Friday, June 17, 2011

Small Miracles

Rose came into the health center Tuesday struggling to breath, blue lips, unconscious and intermittently convulsing. Her weeping father placed her onto the hospital bed and collapsed on the floor crying. Behind him was Rose’s mother and several women whooping and wailing the cry of death.

We had just lost Jason, the son of my friend and I did not think I could stand to watch another pass away in front of me. I had been struggling with Jesus all week trying to understand why He did not spare Jason’s life.

We diagnosed her with cerebral malaria and subsequent lab showed to many parasites in her blood to count. The nurse Amos was able to put in an IV line. We found the needed medicines but still watched helplessly as the child’s breathing patterns changed and we seemed to be nearing the end. I asked the father if I could pray for the Rose. He blanched and then slowly nodded. I did not understand. The nurse then told me the father presumed I was going to give the last rights to the child. Why else would you pray? Uncharacteristically, I looked the father straight in the eye and said I do not serve a God who only rules over death, but one that gives life. (Inside I was begging Jesus to show us his power.)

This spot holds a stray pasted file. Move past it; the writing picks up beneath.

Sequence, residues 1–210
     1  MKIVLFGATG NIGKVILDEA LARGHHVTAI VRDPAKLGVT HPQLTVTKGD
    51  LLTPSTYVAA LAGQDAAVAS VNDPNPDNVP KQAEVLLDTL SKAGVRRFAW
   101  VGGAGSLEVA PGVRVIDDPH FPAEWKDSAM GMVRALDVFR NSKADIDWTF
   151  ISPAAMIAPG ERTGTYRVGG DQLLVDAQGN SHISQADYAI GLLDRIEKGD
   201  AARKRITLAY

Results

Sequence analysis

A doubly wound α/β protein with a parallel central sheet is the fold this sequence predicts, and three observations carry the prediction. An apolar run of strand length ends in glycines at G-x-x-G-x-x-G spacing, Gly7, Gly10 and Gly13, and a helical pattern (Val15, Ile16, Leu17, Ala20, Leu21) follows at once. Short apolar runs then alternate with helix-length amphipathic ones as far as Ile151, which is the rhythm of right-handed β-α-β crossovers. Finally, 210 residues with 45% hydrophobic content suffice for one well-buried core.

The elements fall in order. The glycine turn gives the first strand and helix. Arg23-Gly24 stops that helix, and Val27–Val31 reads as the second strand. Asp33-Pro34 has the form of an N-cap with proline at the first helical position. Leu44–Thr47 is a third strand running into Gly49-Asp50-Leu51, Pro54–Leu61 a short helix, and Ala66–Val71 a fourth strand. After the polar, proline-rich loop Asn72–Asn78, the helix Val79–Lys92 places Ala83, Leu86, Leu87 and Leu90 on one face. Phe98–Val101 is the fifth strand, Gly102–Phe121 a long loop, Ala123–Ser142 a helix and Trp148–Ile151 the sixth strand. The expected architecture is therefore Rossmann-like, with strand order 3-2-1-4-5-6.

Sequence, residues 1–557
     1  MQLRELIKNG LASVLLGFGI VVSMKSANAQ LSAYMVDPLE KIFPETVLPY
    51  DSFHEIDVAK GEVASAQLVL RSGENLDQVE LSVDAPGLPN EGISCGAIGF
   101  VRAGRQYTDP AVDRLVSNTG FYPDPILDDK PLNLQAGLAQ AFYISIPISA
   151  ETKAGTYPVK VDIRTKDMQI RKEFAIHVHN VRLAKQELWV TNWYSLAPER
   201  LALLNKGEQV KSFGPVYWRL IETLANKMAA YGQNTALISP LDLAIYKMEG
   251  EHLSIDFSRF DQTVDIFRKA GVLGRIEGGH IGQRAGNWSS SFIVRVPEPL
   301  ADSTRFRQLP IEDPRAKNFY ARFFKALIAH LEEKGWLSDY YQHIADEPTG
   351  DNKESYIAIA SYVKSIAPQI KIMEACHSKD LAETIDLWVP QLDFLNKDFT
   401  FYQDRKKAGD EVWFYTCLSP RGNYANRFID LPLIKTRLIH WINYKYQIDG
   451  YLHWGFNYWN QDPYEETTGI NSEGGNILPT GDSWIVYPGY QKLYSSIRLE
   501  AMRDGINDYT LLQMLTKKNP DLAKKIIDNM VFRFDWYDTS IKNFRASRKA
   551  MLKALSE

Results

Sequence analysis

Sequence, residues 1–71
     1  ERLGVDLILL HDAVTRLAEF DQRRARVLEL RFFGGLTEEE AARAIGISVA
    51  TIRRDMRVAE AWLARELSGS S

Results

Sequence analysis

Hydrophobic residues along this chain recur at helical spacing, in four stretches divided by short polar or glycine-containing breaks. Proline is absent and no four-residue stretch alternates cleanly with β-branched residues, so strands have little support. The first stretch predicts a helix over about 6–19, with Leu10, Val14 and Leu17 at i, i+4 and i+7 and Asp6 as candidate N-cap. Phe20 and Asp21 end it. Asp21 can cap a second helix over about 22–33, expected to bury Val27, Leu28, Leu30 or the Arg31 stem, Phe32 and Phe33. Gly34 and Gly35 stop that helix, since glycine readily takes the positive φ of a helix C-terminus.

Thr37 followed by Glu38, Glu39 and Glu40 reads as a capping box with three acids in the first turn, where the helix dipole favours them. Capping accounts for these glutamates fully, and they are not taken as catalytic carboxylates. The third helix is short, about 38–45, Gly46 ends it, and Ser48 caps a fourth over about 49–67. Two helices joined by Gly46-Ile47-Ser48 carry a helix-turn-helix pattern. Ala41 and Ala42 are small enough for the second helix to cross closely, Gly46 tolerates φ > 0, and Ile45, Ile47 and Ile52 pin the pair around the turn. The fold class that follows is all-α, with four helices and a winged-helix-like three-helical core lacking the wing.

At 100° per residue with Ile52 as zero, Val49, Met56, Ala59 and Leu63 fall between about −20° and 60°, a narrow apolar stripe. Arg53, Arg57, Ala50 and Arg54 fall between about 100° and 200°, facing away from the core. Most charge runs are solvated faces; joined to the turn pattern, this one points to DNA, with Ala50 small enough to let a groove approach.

After I prayed, I remembered the oxygen concentrator that the Grace team brought last January. After dusting it off, I ran around the health center looking for a power supply. None with 110V power could be found. So I biked as hard as I could to our home and brought back a small generator. When I arrived, the women were wailing and all the mothers in the ward seemed to have gathered around the little bed where Rose was lying. Jessica and Amos had started the IV Quinine. Amy found some artemether at our house and sent it down to the health center for us to inject. We started the machine and oxygen began to stream out. We connected the tubing to Rose and began to pray. Slowly, she regained color. Her body seemed to relax. Feeling a little better, we left the bed to see the other patients.

When I returned that evening with my KaDoctor (ka means little in Lubwisi) to check on Rose, Lilli and I found her already sitting up and smiling with her mother. Praise God for small miracles!